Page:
Every Super Bowl, as the NFL pares down to its two best teams, the rest of the league takes notes on how it measures up.
The Bears have a long list of upgrades to make if they want to contend with the Chiefs and Buccaneers. Nothing stands out more than the gap at quarterback, but the Super Bowl teams’ coaching staffs are also something to which the Bears should aspire.
Not only do the Bucs and Chiefs have proven winners at the top in Bruce Arians (.619 career winning percentage, including playoffs) and Andy Reid (.623), respectively, but they’re stocked with coordinators who are head-coaching material.
While those coaches deserve head-coaching opportunities, especially Chiefs offensive coordinator Eric Bieniemy, their teams have been fortunate to hang on to them.
‘‘The best guy in the world to work for is Andy Reid,’’ said Chiefs defensive coordinator Steve Spagnuolo, who was the Rams’ head coach in 2009-11. ‘‘I’m very fortunate to have the job that I have.’’
With Bieniemy, Spagnuolo and special-teams coordinator Dave Toub — a longtime Bears assistant who interviewed for head-coaching vacancies with them, the Dolphins, the Chargers and the Broncos — in place, Reid is free to focus on big-picture issues.
Bieniemy, by the way, is in a position similar to where Bears coach Matt Nagy was when he worked for Reid. After three seasons as quarterbacks coach and two as coordinator, Nagy got the Bears’ job in 2018. Bieniemy spent five seasons as Reid’s running backs coach and is wrapping up his third as a coordinator.
Nonetheless, Bieniemy has become a symbol for Black coaches’ struggle to get a fair shot. Given the Chiefs’ incredible offense during his tenure, it’s inexplicable that no one has hired him. To his credit, his frustration hasn’t derailed his work.
‘‘Once that interview is over, it’s time to turn the page,’’ he said. ‘‘I can’t sit here and dwell in pity because . . . I have a responsibility to the Kansas City Chiefs.’’
Reid has campaigned for Bieniemy and said, ‘‘Whoever gets him — whenever they get him — will be very, very lucky,’’ but he has benefitted tremendously from being able to retain him.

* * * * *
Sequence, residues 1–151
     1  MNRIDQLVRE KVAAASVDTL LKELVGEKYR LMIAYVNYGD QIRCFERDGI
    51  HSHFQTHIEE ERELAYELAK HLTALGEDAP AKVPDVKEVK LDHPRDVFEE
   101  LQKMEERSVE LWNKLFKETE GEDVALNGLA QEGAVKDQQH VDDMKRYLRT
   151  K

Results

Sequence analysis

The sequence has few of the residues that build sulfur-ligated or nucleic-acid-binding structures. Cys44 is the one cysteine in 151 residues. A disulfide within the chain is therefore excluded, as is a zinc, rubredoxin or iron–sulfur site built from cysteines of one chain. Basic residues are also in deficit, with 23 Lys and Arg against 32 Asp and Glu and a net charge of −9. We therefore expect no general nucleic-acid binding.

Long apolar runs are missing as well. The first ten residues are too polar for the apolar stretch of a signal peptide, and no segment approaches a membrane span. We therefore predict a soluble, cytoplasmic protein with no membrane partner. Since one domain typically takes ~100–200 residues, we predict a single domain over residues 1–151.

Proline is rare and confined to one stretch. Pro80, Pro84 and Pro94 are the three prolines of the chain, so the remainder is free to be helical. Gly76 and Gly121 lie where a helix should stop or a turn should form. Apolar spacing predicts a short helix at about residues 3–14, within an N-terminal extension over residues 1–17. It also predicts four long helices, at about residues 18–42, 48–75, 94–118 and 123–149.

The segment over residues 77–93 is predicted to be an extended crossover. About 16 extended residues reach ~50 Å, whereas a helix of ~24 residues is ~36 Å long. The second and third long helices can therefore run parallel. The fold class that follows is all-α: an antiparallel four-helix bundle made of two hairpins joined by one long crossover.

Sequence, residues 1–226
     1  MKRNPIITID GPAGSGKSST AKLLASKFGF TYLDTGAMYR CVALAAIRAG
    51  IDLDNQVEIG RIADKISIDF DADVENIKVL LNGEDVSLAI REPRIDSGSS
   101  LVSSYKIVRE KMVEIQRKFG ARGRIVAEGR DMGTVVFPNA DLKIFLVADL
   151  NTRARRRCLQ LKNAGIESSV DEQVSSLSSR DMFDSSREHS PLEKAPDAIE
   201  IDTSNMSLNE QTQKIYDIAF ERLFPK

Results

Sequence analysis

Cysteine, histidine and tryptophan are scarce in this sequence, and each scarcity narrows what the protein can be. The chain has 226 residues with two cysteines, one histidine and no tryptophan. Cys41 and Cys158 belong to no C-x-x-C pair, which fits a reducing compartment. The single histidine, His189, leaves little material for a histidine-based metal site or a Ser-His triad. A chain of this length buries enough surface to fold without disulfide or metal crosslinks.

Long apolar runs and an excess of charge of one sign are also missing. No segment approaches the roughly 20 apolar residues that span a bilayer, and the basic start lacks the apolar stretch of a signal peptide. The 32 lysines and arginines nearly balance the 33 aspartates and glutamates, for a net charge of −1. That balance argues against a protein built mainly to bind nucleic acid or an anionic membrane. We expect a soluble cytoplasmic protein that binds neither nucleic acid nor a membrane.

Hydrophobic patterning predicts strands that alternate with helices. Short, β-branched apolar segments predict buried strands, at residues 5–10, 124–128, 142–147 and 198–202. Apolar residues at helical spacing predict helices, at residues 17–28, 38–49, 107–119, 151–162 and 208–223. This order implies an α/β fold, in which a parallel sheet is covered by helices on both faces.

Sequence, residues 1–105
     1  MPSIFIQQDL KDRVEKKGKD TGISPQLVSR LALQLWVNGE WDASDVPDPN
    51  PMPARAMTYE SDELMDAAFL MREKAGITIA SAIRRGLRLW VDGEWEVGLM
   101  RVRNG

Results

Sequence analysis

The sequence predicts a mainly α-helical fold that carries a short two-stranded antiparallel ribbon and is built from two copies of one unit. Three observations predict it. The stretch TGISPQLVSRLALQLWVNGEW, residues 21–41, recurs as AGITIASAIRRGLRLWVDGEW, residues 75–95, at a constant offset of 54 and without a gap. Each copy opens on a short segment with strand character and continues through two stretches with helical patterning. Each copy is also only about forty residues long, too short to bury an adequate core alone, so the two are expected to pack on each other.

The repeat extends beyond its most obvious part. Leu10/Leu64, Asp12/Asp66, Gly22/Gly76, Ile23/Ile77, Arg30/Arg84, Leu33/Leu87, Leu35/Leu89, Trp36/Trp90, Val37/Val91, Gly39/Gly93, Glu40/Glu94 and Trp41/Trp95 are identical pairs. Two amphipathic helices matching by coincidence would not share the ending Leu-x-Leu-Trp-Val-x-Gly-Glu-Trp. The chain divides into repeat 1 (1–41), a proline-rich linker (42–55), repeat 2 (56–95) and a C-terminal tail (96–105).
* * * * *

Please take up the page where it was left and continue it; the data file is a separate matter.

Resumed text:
Arians’ crew is equally impressive, with former Jets head coach Todd Bowles as defensive coordinator, rising star Byron Leftwich as offensive coordinator and veteran Keith Armstrong — a former head-coaching candidate for the Bears, Chiefs and Eagles — handling special teams.
Both coordinator trios stack up imposingly against Nagy’s staff. Offensive coordinator Bill Lazor has had a hit-and-miss career and was out of the league when Nagy hired him. Sean Desai is a first-time defensive coordinator at 37. Special-teams coordinator Chris Tabor is arguably Nagy’s most accomplished assistant.
Desai’s role is the most interesting and crucial. Because of his inexperience and the extreme high stakes of a win-or-get-fired season, Nagy might not be able to give him the autonomy enjoyed by predecessors Vic Fangio and Chuck Pagano.
Choosing the right defensive coordinator is typically one of the most difficult decisions for an offensive-minded head coach, and the Bucs seem to have found a match in Arians and Bowles.
‘‘You’re looking for someone who matches your personality and what you want out of your football team,’’ Arians said. ‘‘For us, it starts with, ‘Attack.’ We want to attack in all three phases. Todd does a great job of that.
‘‘I do trust him totally. The only time [I get involved] — and I have to do it very seldom — is I tell him to go cover-0 and blitz more. That’s about it.’’
That’s the kind of trust Nagy had with Fangio in 2018. Now he’s betting his job on the hope he can establish it with Desai, too.